On paper, Floyd Mayweather is one of the greatest boxers of all time. But without a fight against the second-best fighter of his generation, Manny Pacquiao, his legacy will always be tarnished.
Mayweather sports a perfect 43-0 record; he's won eight world titles and has been rated as the best pound-for-pound boxer in the world on multiple occasions over the years.
He's also got the personality that boxing fans love to hate. He's as cocky as they come, talks more smack than a cheeky seventh grader and his defensive style often leaves fans clamoring for more.
If that wasn't enough, he's a walking, talking prime-time news controversy.
Mayweather has gotten in trouble by opening his mouth more times than can be counted, been to jail after pleading guilty to a reduced battery domestic violence charge and it was only a few matches ago where he won his fight with a much contested, borderline cheap shot on Victor Ortiz.
He's the type of hype-active personality that boxing has always attached itself to. And when you couple that with his perfect record, he should be in the argument for greatest boxer of all time.
However, one thing is missing from his resume, a fight with Pacquiao.
Manny Pacquiao, the great Pilipino, is seemingly the antithesis of Mayweather.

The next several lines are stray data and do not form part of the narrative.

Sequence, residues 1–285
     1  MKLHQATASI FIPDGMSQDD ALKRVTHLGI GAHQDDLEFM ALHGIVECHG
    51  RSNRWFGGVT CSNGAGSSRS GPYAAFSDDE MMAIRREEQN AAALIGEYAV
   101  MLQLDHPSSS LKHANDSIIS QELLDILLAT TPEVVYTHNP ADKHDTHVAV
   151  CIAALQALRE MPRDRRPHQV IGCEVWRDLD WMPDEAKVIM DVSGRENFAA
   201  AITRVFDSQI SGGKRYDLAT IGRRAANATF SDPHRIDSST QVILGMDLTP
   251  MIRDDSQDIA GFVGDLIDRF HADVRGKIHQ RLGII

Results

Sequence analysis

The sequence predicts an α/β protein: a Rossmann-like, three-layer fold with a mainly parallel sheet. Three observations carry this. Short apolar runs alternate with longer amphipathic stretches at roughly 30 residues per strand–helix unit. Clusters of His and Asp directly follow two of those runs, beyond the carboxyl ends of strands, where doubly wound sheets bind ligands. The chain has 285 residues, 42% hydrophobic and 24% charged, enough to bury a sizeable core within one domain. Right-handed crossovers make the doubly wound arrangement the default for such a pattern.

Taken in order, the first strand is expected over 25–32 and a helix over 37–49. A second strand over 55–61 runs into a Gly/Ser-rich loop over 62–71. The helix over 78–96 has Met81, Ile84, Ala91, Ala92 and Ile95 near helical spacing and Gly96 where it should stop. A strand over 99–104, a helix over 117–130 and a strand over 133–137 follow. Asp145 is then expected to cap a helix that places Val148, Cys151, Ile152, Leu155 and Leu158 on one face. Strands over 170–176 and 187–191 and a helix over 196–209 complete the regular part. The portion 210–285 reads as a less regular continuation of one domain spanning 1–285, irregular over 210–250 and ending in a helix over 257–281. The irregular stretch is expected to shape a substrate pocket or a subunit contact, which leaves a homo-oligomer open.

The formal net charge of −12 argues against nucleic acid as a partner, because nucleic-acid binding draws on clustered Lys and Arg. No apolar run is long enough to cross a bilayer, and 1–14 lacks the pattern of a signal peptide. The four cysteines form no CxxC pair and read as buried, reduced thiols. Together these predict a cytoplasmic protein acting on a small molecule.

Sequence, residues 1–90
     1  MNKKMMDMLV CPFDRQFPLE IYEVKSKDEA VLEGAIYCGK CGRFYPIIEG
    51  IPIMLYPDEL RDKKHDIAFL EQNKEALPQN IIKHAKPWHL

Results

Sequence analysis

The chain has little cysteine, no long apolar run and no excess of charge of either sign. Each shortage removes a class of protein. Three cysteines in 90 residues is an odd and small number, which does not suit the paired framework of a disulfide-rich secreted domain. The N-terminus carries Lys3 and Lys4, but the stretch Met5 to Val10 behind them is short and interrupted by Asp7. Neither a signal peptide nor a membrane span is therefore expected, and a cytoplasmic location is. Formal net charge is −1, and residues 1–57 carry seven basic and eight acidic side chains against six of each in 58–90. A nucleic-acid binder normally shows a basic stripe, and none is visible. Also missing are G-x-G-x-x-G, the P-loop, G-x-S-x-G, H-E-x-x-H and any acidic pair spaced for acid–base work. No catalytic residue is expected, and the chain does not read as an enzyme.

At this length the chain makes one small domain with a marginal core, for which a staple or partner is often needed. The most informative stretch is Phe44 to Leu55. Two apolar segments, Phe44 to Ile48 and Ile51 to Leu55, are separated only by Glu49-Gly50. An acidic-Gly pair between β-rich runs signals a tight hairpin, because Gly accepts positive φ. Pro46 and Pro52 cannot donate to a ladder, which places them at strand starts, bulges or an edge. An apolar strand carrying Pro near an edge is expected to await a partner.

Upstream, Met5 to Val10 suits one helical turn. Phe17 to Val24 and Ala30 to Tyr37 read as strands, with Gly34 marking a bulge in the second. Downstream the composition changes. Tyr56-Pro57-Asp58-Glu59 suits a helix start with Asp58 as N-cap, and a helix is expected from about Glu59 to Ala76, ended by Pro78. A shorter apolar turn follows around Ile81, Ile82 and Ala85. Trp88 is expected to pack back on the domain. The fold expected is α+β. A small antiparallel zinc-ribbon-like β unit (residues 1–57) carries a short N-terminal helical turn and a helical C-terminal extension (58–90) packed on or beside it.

He's soft spoken, well respected in his native Philippines, where he's a member of Congress, and exciting in the ring with his heavy-handed, take a punch to deliver one style.
Pacquiao is also one of the most beloved boxers of his generation.
He's jumped from weight class to weight class and has won 10 world titles, all the while taking on any and all challengers. Well, all except Mayweather.
And therein lies the problem. The two most popular, and beloved boxers on the planet won't fight each other—the amount of backtracking, pressuring and berating that has gone in these failed negotiations is just too much to sum up in a few lines—and it doesn't look like they're any closer to inking a deal to step in the ring.
However, Pacquiao's promoter Bob Arum mentioned in August that spring of 2013 would be an excellent window to fit the mega fight.
If that date doesn't result in a bout, however, the pair will likely never touch gloves in the center of the ring.
Both fighters are getting up there in years, especially in boxing terms. Mayweather is 35 and has already retired once. Pacquiao is 33 and is seemingly focused on a full-time political career in the near future.
But for Mayweather's sake, he better hope the stars align to get this fight done.
Without it, he will always be undefeated—no one else has the skill to touch him other than Pacquiao—but fans will always remember him for the fight that wasn't instead of the 43 that were.
In order to be the best, you have to beat the best, and that's something Mayweather has to remember.
All of the greats have battled rivals, and some, including Muhammad Ali, have been beaten. But those were the bouts that defined their legacies.
Mayweather just doesn't have that.
He may retire undefeated, but without a fight with Pacquiao, Mayweather's zero in the loss column will look especially empty.